PR 96/29 - REPORT FOR WFS ON POPULATION GROWTH
REPORT FOR WORLD FOOD SUMMIT ON POPULATION GROWTH AND FOOD REQUIREMENTS: SUB-SAHARAN AFRICA WILL HAVE TO INCREASE FOOD PRODUCTION BY 300 PERCENT TO SATISFY POPULATION DEMANDS BY YEAR 2050.
Rome, July 21 -- To satisfy its population demands by year 2050, Africa will have to increase food production by 200 percent, Asian countries and Latin American and Caribbean countries by 69 and 80 percent respectively, and North American countries by 30 percent, according to a recent study by the UN Food and Agriculture Organization (FAO) and the United Nations Population Fund (UNFPA). In Europe, demand for food produce will diminish, says the report which is part of a series of technical papers for FAO's World Food Summit to be convened in November this year.
Worldwide, the effects of population changes will mean a 75 percent increase in food supply needs by 2050, according to the report.
According to UN projections, the world's population will increase by 72 percent, or from 5.7 billion to 9.8 billion inhabitants between 1995 and 2050, at which time it is expected to stabilize.
The FAO/UNFPA report states that, while globally food supplies have more than doubled in the last forty years resulting in food supplies increasing faster than the population, the figures conceal important regional variations. Food production increases were especially noteworthy in Asia which fully exploited the Green Revolution and in Latin America, which benefited from technolgical progress in the form of hybrid varieties of maize. However, no such revolution took place in Africa, where many countries experienced reduction in their food supplies during the same period.
Food supplies in developed countries increasingly exceed their energy requirements, according to the report. In North America, supply now exceeds requirements by almost 50 percent.
Developing countries will have to increase their diets to eliminate chronic undernutrition, notes the report. This process could require a 30 percent increase in food energy requirements in Africa (40 percent for sub-Saharan African populations), 15 percent in Asia and less than 10 percent in Latin America. In order to reach a well-balanced diet, people will have to diversify their food intake. According to FAO projections for the year 2010, Africa would have to improve its plant-derived energy by another 26 percent (46 percent for countries consuming mainly roots and tubers), and 21 percent for Asia.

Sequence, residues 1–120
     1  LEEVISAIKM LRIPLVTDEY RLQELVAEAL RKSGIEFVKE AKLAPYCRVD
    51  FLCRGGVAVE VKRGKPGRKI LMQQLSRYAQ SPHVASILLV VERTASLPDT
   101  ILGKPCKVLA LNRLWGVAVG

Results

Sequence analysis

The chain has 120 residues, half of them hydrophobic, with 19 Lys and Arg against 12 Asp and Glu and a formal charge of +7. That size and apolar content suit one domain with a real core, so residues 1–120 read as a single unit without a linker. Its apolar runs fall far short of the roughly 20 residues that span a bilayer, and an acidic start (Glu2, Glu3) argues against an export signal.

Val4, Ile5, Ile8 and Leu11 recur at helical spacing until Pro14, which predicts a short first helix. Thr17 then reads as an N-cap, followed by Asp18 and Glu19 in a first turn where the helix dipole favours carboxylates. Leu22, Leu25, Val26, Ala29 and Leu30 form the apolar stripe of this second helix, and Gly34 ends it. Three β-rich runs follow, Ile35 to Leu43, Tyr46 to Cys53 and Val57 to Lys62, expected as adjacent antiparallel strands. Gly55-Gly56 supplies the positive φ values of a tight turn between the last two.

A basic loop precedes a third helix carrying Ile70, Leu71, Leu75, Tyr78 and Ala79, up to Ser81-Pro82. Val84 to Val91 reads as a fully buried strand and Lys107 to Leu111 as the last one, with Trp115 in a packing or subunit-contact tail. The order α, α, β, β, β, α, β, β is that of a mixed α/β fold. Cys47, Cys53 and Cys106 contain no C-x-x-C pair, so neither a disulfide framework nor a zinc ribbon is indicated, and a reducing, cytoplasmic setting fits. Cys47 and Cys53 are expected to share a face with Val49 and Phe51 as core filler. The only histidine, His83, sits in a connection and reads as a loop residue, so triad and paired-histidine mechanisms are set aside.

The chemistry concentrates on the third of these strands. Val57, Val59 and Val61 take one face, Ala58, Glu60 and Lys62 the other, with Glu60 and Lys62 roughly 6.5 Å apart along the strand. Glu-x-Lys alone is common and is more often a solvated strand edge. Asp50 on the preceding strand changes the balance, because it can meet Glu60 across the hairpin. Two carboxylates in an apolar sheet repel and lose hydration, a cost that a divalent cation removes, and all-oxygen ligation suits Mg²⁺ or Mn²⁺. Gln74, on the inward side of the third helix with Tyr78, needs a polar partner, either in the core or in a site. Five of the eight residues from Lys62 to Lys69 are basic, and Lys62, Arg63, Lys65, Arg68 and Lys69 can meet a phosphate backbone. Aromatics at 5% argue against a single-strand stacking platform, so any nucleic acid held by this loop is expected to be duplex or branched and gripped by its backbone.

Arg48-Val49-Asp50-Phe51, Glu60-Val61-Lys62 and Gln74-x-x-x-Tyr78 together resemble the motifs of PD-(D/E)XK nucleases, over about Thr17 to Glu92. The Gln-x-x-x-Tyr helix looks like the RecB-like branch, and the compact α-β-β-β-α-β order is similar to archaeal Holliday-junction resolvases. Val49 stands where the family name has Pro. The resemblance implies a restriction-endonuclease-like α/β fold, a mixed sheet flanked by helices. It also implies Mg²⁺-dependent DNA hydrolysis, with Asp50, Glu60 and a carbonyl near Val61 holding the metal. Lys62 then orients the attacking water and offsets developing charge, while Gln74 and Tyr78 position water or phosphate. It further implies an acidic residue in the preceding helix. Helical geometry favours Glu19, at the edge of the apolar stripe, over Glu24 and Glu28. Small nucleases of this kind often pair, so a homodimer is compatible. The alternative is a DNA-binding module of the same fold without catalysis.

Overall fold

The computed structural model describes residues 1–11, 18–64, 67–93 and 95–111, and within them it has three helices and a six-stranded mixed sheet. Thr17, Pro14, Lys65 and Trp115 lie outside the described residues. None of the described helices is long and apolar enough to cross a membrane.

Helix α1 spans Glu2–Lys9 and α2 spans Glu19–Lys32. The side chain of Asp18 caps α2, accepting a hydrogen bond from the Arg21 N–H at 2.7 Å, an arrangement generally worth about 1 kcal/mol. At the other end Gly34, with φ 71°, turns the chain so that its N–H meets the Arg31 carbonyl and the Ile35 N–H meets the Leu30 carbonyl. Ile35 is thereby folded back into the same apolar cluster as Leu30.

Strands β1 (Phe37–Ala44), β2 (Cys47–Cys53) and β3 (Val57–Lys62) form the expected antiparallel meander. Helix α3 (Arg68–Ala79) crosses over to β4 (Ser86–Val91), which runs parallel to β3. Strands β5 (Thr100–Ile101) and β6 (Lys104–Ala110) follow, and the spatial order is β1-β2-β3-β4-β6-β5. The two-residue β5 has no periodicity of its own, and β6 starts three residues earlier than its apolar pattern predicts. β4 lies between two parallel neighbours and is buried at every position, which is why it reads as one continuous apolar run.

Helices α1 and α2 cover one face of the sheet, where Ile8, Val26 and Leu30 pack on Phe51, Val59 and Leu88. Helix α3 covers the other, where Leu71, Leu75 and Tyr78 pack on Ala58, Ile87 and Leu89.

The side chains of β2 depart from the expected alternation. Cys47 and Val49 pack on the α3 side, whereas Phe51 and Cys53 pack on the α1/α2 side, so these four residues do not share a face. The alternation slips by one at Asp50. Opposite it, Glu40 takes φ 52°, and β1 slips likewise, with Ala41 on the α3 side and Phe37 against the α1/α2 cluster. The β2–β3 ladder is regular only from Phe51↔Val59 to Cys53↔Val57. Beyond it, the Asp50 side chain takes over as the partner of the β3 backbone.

The report says that it is not only African countries that face serious food shortages at a national level. Asian countries like Afghanistan, Nepal and Mongolia also have shortages. Countries such as Bangladesh, Myanmar, and Cambodia suffer from chronic undernourishment. India and China suffer chronic food deficits at regional levels. Overall, East Asia and South Asia continue to be, by far, the two regions most seriously affected by malnutrition worldwide.
The FAO/UNFPA report notes that fairer distribution of food supplies would probably eliminate most cases of undernourishment. The latest available figure for the chronically undernourished worldwide is 841 million for the period 1988-90.
The report points out that the root of the food problem is poverty and the lack of access to food for the poor. It predicts that distribution problems will remain in 2050 but that hopefully, by then, "populations will be coming to grips with these serious inequalities in order to reduce them further. The health of a large proportion of the world's population and its ability to take its future into its own hands depends on this," says the report.
The World Food Summit is the first-ever gathering of Heads of State
or Government on the subject of food security. With its theme "Food for
All," the Summit will be held at FAO Headquarters in Rome, November 13-17.